Valentine’s Day Special: 5 reasons to stop feeling guilty about eating chocolate

Chocolates are a common gift on Valentine's Day, and while the health-conscious may avoid them, they may not necessarily be sinful.

Milk or white chocolate may prove to be a sugary and less healthy treat, but those with a taste for bitter dark chocolate are in for some health benefits.

The following are some reasons to keep chocolates in your diet anyway:

Chocolate could protect against diabetes

Chocolate might be the last thing on health conscious people's minds, but research has found that dark chocolate reduces the risk of bodily changes that can cause type two diabetes.

This is because dark chocolate is higher in a compound called flavonoids. Snacking on dark chocolate protects against a condition called insulin resistance as well.

Chocolate is good for the heart

Studies show that consuming a bit of dark chocolate twice or thrice a week helps to lower blood pressure. The snack also helps with blood flow and reduces to chance of having blood clots.

Chocolate stimulates the brain

Dark chocolate increases blood flow to the brain and heart, which in turn helps with the thinking process.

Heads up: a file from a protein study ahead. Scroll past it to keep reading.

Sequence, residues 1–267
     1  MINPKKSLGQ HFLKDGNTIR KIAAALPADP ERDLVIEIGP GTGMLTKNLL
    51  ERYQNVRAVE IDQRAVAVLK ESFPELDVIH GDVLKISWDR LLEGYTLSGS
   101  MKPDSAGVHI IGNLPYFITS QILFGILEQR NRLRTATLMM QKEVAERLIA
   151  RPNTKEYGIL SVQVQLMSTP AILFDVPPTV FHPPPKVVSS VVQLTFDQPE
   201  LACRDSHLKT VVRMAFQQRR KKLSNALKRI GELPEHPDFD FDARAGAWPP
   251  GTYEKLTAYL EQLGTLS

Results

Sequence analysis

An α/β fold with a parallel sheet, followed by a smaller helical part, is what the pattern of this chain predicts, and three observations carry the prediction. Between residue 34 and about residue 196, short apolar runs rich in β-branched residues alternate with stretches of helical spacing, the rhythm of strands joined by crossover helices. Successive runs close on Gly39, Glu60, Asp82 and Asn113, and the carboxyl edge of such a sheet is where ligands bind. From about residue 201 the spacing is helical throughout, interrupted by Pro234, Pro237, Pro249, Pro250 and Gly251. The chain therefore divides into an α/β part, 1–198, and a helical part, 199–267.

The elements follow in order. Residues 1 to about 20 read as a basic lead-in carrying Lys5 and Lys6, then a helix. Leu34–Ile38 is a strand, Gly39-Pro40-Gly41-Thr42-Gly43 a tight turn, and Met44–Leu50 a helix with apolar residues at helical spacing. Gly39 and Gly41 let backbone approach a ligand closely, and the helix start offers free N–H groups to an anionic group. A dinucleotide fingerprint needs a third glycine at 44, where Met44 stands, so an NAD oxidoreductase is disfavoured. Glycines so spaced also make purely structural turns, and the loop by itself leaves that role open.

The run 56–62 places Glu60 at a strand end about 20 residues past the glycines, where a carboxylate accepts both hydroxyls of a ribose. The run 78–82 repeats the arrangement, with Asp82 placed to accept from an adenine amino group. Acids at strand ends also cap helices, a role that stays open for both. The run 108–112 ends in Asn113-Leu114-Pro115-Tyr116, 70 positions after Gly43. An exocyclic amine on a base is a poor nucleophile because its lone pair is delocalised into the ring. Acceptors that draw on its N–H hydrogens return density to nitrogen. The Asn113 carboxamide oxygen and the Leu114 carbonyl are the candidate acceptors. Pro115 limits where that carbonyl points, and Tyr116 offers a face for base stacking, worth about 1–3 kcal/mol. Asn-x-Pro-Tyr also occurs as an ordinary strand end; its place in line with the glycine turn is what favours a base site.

Chocolate makes a happier person

Dark chocolate also contains chemical compounds that improve one's mood and mental health. One such compound is phenylethylamine, produced by the brain when a person falls in love. This compound also helps the brain release endorphins, resulting in an uplifting feeling.

Chocolate reduces anxiety

Eating chocolate results in less stress hormones, according to some studies. Dark chocolate contains a compound related to the production of serotonin, which is a chemical that affects mood. Since low levels of serotonin are associated with anxiety, some suggest that chocolate indirectly reduces this feeling.

Join ST's Telegram channel and get the latest breaking news delivered to you.